Teach With INFOhio

Curating Content for Student-Centered Learning: Tools to Curate Resources

Author // Janah Shumaker Monday, 30 October 2023

Curation helps "connect the dots" by putting information in context to be able to make sense of it. Part of that sense-making process involves the delivery of that information. There is a vast amount of information out there-- on the web and in libraries. Sometimes it can feel like a firehose of information being unleashed. Students may feel even more overwhelmed. They often don't have the skills to know how to wade through all the clutter to find the best materials to support their learning. It becomes imperative that educators become a guide for students and help them to make sense of and put that information into context as it applies to their studies. Educators know their students best and can curate resources to deliver a meaningful content package that helps them access the information they need most.

The next step is to begin to explore the tools available to deliver this content to students and staff. With a wide range of curation tools freely available or to purchase, it's helpful to explore some deciding factors to consider when choosing a curation tool that best meets the needs of students and staff.

Librarians are very familiar with curating content as part of their roles and duties. It is also one of the six Shared Foundations that anchor the American Association of School Librarians Standards. These foundational ideas are important for any educator to keep in mind as they investigate and use curation tools. According to the Shared Foundations, no matter which curation tool is used, it should

  • provide equitable access, in and outside of the school building.
  • allow for ongoing revisions and updates.
  • give students and staff exposure to a variety of ways to cite, organize, and share resources. 

In addition, curation tools should also be introduced to students for their own use as they learn to curate. Modeling good curation practices and then asking students to take part on their own will help them grow in their resource-gathering efforts and help them become more critical researchers.

Curation is Collaborative

Keep in mind that curation is collaborative (Spiering and Lechtenberg). The more teachers and librarians collaborate and work with other colleagues, the better they will be at finding supplemental resources that are needed to support students' learning goals. The AASL Standards encourage librarians and educators to "engage in an ongoing cycle to discover, organize, describe, promote, and reflect on resources in all formats” and that process involves conversations with teachers, students, and/or the community to help curate collections of resources that are just right for their needs. Curation efforts can be strengthened through these collaborations as they include the resources needed to address specific learning goals.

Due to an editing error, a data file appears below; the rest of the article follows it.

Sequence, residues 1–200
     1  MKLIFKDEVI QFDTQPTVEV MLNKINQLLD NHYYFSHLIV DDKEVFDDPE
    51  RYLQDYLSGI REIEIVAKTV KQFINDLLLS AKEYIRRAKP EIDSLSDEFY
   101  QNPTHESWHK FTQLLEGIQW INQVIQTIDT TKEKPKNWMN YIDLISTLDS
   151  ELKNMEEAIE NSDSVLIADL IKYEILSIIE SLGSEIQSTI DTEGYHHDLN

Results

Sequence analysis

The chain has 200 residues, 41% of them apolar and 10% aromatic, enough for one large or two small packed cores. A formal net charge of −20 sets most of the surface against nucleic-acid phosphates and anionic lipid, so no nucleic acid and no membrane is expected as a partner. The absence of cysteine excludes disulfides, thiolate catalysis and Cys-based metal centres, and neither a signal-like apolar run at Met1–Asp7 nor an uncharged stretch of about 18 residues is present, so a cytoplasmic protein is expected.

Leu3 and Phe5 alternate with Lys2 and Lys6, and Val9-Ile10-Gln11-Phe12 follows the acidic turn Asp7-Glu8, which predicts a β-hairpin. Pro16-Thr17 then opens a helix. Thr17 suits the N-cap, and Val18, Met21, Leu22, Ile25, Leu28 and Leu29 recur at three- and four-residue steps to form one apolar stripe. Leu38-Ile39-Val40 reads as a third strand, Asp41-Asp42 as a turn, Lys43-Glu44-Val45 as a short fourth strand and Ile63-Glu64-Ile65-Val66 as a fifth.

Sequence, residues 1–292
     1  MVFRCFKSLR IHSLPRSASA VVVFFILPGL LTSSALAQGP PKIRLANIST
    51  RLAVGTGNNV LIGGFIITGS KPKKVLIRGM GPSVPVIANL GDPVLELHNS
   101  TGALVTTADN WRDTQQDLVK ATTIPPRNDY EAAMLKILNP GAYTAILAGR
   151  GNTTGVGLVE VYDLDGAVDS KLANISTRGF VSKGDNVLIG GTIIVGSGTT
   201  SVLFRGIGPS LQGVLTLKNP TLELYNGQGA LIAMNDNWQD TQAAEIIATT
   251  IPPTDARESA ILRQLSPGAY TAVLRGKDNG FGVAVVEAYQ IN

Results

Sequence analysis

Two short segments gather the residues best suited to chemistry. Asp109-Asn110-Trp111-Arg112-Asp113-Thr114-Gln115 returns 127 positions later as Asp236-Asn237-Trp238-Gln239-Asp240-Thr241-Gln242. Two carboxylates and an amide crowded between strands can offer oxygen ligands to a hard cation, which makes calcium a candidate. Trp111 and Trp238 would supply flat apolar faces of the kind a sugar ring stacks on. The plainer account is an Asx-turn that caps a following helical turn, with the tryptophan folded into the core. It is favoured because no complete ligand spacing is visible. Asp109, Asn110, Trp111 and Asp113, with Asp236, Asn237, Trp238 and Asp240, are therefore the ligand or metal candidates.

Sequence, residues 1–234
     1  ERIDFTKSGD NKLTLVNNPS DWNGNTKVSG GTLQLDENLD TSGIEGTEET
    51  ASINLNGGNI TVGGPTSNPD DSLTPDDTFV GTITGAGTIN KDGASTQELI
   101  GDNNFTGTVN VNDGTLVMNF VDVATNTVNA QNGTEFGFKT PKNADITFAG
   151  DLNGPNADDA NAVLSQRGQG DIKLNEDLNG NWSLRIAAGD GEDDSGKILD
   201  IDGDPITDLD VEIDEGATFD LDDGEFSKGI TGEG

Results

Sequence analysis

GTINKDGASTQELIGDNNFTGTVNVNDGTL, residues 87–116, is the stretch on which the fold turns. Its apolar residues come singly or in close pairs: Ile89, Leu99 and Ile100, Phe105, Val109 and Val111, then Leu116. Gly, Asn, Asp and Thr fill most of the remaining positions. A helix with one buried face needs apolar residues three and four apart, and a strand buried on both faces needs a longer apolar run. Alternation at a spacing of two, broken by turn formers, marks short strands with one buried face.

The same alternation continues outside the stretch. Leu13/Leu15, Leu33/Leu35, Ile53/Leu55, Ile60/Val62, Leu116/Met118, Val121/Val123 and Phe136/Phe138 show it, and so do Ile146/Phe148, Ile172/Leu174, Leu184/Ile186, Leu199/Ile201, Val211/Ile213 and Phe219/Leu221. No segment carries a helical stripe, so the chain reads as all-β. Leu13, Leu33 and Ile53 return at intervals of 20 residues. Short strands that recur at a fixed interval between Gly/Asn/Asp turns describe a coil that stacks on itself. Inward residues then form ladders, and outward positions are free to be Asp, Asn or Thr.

Curation and INFOhio

INFOhio believes in providing equitable access to high-quality instructional materials, making it a trusted source for high-quality digital content. To help make the curation of INFOhio resources easier, INFOhio has developed some best practices for linking to its content. Links can be provided to a resource or a specific item, depending on the need. For example, Capstone Interactive eBooks is the resource, and a single book within that resource, The Secret Lives of Plants, is an item or content from that resource. Depending on the need or intended outcome, both should be explored.

Read Sharing Premium Content from INFOhio: What Link Do I Use? to help you better understand the best links to use with students. INFOhio resources are licensed for Ohio's students, educators, and families, and using the right link is important to provide seamless access. While at school students should not have a problem accessing INFOhio resources but may be prompted for a username and password at home. For help logging in to access digital content seamlessly, check out this video.